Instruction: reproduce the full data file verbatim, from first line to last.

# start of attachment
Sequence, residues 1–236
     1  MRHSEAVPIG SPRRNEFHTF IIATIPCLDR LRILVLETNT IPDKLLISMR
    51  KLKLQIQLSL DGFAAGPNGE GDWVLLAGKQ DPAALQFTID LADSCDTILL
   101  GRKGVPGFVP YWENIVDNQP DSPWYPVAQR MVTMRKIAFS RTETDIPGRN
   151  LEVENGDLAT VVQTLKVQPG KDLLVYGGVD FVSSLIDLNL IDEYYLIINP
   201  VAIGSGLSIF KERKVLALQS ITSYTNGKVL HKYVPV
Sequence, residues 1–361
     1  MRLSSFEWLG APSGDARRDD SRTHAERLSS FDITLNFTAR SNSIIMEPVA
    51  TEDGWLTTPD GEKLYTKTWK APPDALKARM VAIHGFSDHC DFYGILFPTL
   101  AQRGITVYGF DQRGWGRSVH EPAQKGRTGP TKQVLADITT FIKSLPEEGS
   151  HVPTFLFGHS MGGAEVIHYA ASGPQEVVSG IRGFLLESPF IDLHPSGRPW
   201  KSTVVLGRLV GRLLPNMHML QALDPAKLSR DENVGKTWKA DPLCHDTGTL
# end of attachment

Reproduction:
Sequence, residues 1–236
     1  MRHSEAVPIG SPRRNEFHTF IIATIPCLDR LRILVLETNT IPDKLLISMR
    51  KLKLQIQLSL DGFAAGPNGE GDWVLLAGKQ DPAALQFTID LADSCDTILL
   101  GRKGVPGFVP YWENIVDNQP DSPWYPVAQR MVTMRKIAFS RTETDIPGRN
   151  LEVENGDLAT VVQTLKVQPG KDLLVYGGVD FVSSLIDLNL IDEYYLIINP
   201  VAIGSGLSIF KERKVLALQS ITSYTNGKVL HKYVPV
Sequence, residues 1–361
     1  MRLSSFEWLG APSGDARRDD SRTHAERLSS FDITLNFTAR SNSIIMEPVA
    51  TEDGWLTTPD GEKLYTKTWK APPDALKARM VAIHGFSDHC DFYGILFPTL
   101  AQRGITVYGF DQRGWGRSVH EPAQKGRTGP TKQVLADITT FIKSLPEEGS
   151  HVPTFLFGHS MGGAEVIHYA ASGPQEVVSG IRGFLLESPF IDLHPSGRPW
   201  KSTVVLGRLV GRLLPNMHML QALDPAKLSR DENVGKTWKA DPLCHDTGTL